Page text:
Does a Higher Minimum Wage Enhance the Effectiveness of The Earned Income Tax Credit?
We study the effects of minimum wages and the EITC in the post-welfare reform era. For the minimum wage, the evidence points to disemployment effects that are concentrated among young minority men. For young women, there is little evidence that minimum wages reduce employment, with the exception of high school dropouts. In contrast, evidence strongly suggests that the EITC boosts employment of young women (although not teenagers). We also explore how minimum wages and the EITC interact, and the evidence reveals policy effects that vary substantially across different groups. For example, higher minimum wages appear to reduce earnings of minority men, and more so when the EITC is high. In contrast, our results indicate that the EITC boosts employment and earnings for minority women, and coupling the EITC with a higher minimum wage appears to enhance this positive effect. Thus, whether or not the policy combination of a high EITC and a high minimum wage is viewed as favorable or unfavorable depends in part on whose incomes policymakers are trying to increase.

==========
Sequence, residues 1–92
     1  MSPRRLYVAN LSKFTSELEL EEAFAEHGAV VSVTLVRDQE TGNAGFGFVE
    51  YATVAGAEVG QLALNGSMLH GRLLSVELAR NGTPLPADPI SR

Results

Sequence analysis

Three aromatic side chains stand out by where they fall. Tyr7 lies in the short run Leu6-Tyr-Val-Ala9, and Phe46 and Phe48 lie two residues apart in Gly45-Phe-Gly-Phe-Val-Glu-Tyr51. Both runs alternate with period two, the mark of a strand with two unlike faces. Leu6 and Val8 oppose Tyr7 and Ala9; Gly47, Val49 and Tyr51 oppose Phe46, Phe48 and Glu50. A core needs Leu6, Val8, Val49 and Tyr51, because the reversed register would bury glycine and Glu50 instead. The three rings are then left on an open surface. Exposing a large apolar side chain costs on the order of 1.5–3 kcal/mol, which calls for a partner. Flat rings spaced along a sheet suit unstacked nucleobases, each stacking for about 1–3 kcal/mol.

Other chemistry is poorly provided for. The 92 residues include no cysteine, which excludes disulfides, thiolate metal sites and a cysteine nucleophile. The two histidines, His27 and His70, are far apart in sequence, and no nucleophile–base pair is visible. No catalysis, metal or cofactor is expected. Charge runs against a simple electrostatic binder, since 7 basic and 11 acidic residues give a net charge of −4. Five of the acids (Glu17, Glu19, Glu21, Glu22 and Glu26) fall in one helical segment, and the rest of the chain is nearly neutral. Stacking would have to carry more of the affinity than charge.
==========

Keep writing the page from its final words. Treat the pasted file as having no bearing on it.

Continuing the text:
The authors are grateful to Stephen Ciccarella for outstanding research assistance. Neumark's research on this project was supported by the Employment Policies Institute. The views expressed are the authors' alone, and do not necessarily reflect the views of the Federal Reserve Board or its staff, those of the Employment Policies Institute, or those of the National Bureau of Economic Research.
David Neumark & William Wascher, 2011. "Does a Higher Minimum Wage Enhance the Effectiveness of the Earned Income Tax Credit?," Industrial and Labor Relations Review, ILR Review, Cornell University, ILR School, vol. 64(4), pages 712-746, July. citation courtesy of